Alaska Federation of Natives release 2023 Citizens of the Year and Denali Award winners

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Anchorage, Alaska (KINY) – Every year, the Alaska Federation of Natives (AFN) honors those who have made outstanding contributions to their families and the Native community. 

The Citizen of the Year Award recognizes the contributions of a Native person who has demonstrated strong commitment, dedication, and service to the Alaska Native community and to rural Alaska.

The 2023 Citizen of the Year is Margaret Agnguarta Roberts, posthumously.

Photo courtesy of AFN

Margaret Agnguarta Roberts’ contributions have demonstrated life-long dedication and legacy building for the Alaska Native Community and to Rural Alaska.

Roberts was one of the original founders of the Kodiak Alutiiq Dance group over 30 years ago, reflected in her Alutiiq name, Agnguarta, which means One Who Dances.

Her parents were Martha Patarochin of Kodiak and Ronald Fadaoff of Woody Island.

She was born and raised in Kodiak and in 1967 graduated from Kodiak High School.

She shared fond memories of time spent in the Village Islands in Uganik Bay.

She told of a story of her mother befriending the deer, and how they would come right up to the porch and eat out of her mother’s hand.

Roberts met and married the love of her life, Gary, and they were blessed with four children, eight grandchildren, and four great-grandchildren.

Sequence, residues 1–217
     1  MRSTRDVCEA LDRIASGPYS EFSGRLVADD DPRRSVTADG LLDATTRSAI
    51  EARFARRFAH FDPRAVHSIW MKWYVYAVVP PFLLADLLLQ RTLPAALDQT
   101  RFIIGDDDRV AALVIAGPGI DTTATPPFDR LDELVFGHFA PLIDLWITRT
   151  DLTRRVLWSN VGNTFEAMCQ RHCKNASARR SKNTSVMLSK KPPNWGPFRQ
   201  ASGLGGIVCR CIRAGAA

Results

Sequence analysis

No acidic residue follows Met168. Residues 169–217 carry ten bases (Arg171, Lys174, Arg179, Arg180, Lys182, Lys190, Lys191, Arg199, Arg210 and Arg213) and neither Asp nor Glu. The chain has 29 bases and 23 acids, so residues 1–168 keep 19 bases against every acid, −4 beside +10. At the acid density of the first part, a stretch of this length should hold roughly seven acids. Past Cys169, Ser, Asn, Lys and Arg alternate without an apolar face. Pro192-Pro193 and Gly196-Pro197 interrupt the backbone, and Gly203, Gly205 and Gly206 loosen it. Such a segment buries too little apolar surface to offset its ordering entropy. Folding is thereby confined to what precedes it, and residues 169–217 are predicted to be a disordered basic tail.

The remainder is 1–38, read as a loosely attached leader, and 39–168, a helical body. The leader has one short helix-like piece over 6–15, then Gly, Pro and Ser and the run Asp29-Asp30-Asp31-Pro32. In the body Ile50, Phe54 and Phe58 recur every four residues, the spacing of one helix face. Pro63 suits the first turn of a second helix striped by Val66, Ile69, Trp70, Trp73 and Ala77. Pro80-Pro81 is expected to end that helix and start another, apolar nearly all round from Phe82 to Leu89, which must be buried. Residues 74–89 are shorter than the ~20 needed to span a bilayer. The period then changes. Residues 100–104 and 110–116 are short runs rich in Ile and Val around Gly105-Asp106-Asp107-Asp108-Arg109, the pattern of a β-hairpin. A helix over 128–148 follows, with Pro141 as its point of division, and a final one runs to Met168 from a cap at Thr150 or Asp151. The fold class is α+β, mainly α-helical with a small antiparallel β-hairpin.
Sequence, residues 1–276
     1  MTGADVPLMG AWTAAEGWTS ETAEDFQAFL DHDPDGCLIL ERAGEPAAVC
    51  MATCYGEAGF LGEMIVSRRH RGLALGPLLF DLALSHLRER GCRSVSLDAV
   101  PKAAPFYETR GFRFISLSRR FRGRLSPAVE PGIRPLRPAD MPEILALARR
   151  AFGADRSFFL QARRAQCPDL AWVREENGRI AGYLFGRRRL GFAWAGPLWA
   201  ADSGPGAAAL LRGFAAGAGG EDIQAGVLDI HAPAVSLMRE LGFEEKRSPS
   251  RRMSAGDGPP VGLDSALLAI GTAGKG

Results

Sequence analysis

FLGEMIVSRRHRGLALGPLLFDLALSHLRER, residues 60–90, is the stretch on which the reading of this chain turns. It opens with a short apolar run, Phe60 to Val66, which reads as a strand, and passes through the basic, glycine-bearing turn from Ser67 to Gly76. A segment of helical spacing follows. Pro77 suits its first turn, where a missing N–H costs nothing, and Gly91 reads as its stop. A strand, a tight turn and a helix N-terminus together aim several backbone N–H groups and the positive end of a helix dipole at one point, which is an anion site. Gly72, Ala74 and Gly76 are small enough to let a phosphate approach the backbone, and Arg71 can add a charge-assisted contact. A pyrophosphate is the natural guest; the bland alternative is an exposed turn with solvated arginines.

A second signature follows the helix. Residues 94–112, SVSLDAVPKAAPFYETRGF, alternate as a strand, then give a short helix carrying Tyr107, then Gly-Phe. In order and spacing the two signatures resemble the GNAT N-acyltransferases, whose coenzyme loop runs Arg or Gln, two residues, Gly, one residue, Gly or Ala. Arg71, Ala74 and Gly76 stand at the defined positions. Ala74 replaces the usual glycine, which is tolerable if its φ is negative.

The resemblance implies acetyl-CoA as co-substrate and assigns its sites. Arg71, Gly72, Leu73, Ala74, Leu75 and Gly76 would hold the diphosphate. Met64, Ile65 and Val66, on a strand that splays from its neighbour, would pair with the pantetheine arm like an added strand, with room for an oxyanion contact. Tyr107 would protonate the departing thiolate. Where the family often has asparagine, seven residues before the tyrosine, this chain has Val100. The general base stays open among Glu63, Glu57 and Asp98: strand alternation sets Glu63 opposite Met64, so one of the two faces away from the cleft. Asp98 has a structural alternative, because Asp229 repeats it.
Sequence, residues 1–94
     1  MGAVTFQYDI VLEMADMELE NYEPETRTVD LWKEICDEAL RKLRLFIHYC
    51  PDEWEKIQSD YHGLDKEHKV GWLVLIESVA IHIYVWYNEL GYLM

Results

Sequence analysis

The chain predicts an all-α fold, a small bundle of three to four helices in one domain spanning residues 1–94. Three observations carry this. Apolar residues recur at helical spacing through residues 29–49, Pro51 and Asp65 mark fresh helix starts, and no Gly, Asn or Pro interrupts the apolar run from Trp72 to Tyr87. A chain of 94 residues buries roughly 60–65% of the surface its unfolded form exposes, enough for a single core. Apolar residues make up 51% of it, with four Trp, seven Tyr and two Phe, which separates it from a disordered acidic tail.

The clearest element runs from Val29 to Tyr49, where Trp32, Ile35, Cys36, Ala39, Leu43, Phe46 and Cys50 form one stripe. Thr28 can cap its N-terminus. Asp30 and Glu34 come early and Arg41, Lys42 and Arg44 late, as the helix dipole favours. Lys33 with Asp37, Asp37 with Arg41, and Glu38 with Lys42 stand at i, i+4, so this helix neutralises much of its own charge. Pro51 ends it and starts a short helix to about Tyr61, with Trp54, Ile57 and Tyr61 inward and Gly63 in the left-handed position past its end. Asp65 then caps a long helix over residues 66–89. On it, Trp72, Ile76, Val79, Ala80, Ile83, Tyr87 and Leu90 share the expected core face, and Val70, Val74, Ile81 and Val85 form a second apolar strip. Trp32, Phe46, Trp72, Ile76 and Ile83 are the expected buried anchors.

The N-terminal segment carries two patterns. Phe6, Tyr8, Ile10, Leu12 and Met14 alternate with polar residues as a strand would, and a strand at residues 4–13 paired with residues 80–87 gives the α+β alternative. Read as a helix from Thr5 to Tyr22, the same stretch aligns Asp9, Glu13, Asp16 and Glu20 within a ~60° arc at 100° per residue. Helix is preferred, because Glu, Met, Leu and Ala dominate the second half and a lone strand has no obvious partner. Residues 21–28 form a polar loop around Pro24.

Joining local and statewide efforts to help those struggling with addictions was close to her heart as was faithfully attending the Annual Women’s Wellness Retreat, Dig Afognak Camp, and the AFN Elders and Youth Conference.

“Margaret’s lifetime advocacy for Native people will live on and will help to guide future generations. Without her dedication many of the programs, services, and policy changes would not have been made possible,” AFN stated via a press release. “We are honored with having benefited from Margaret’s wisdom, kindness and steadfast.”

The Denali Award recognizes the contributions of a non-Native person who has demonstrated strong commitment, dedication, and service to the Alaska Native community and to rural Alaska. 

The 2023 Denali Award winner is Courtney Carothers.

Photo courtesy of AFN

Dr. Carothers is a Professor of Fisheries in the College of Fisheries and Ocean Sciences at the University of Alaska Fairbanks.

She holds a Ph.D. and an M.A. in environmental anthropology from the University of Washington (2008) and a B.A. in Biology and Society, summa cum laude, from Cornell University (2000).

Dr. Carothers has devoted her career to working with fishing communities across Alaska to better understand the social and cultural dimensions of fishery systems and to improve education, research, and policy processes to better include these dimensions.

She partners with Indigenous communities to promote social and environmental justice goals.

Her work has advanced several disciplines in the study of human-environment relationships, cultural values, equity, and well-being.

Dr. Carothers’s current work is centered on transforming fisheries education, research, and governance to center and elevate Indigenous perspectives, including developing the Tamamta program which is supporting the first of several cohorts of Indigenous and allied students to pursue their graduate degrees in fisheries and marine sciences.

She is also contributing to deep relational work to advance dialogues on racial equity and transform fisheries education in Alaska.

She continues research on the social and cultural dimensions of fishery systems, including important long-term ethnographic research on the social and community impacts of fisheries privatization.

Dr. Carothers has served on a number of international, national, and state boards and working groups; received honors and awards, and published widespread research projects.